U North Carolina Charlotte Connects With City by Light Rail
The 9.3-mile stretch of extended light rail tracks offers 11 new stations providing service to the university’s main and uptown campuses. The campus added sidewalks, crosswalks, and bus stations to support pedestrian traffic from stations. For the station on the edge of campus, the university funded a pedestrian bridge over a highway.
College of the Holy Cross to Phase Out Knight Mascot and Imagery
Noting that the visual depiction of a knight, in conjunction with the moniker Crusader, inevitably ties the college to religious wars and the violence of the Crusade, it will gradually phase out the use of all knight-related imagery. It will instead use the interlocking HC on a purple shield as the primary marker for all athletic teams, uniforms and advertising.
Cameron U Establishes Social Change Endowed Lectureship
The establishment of the Albert Johnson Sr. and Josephine Johnson Endowed Lectureship in Social Change aims to advance the study of social justice, racial and ethnic cultures and human interaction. The funds will be used to bring distinguished lecturers and workshops to campus, to support faculty development related to civil rights and social justice, and to aid faculty and students in providing services to the community.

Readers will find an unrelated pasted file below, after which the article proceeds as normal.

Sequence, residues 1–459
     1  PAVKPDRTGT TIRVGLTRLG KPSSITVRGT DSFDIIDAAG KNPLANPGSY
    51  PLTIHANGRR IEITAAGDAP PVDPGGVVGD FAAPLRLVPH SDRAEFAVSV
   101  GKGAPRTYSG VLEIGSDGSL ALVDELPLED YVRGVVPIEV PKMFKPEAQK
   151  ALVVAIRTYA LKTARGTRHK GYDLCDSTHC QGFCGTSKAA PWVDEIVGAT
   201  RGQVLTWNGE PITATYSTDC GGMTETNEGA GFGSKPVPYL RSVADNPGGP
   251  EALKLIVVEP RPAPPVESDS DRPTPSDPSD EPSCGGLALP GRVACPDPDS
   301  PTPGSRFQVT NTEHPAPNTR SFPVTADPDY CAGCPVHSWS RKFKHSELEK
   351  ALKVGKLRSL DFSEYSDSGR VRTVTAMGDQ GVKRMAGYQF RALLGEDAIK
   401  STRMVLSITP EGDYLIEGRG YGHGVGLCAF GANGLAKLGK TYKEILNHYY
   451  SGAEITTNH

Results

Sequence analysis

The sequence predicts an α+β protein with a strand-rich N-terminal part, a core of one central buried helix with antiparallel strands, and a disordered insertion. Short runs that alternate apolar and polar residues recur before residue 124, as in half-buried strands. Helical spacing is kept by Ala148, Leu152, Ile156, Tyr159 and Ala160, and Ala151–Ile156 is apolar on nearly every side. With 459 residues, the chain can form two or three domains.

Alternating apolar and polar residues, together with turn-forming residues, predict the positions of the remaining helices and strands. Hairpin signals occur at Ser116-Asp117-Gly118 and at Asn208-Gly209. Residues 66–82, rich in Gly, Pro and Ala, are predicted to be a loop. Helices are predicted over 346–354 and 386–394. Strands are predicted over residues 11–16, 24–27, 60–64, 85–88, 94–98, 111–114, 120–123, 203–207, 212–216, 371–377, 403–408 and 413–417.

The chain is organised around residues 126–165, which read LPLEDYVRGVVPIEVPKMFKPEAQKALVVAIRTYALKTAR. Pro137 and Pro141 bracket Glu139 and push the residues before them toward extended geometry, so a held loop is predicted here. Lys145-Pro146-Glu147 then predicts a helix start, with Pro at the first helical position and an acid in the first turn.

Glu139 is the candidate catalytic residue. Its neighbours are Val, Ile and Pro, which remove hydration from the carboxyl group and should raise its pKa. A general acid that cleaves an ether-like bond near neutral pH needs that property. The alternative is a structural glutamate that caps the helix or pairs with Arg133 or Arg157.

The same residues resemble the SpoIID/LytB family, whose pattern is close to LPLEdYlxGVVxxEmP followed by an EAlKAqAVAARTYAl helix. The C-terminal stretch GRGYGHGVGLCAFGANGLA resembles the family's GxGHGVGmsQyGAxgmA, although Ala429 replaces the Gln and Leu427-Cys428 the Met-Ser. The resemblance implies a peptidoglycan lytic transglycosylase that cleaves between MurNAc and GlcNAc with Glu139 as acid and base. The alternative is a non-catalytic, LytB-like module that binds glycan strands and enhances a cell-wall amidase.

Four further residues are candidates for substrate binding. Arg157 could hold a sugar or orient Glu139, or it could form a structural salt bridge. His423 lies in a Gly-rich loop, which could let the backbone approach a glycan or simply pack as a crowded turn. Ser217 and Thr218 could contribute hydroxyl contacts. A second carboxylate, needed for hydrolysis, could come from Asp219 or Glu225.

Portland State U to Offer Free Tuition
Low-income Oregonian college students transferring to the university will no longer have to pay tuition beginning fall 2018 if they are eligible for the federal Pell Grant and enroll full-time upon transferring. Called Transfers Finish Free, the program will cover base tuition and mandatory fees for up to 15 credits per term to eligible transfer students from any four-year college or community college.
U Wisconsin Madison Introduces Free Tuition Program
Beginning in fall 2018, Wisconsin residents admitted as a new student with an adjusted gross family income of $56,000 or less will have tuition and some fees waived. Those that qualify, however, will have to pay for books, housing and other living expenses.
Creighton U Welcomes Inaugural VP for Institutional Diversity & Inclusion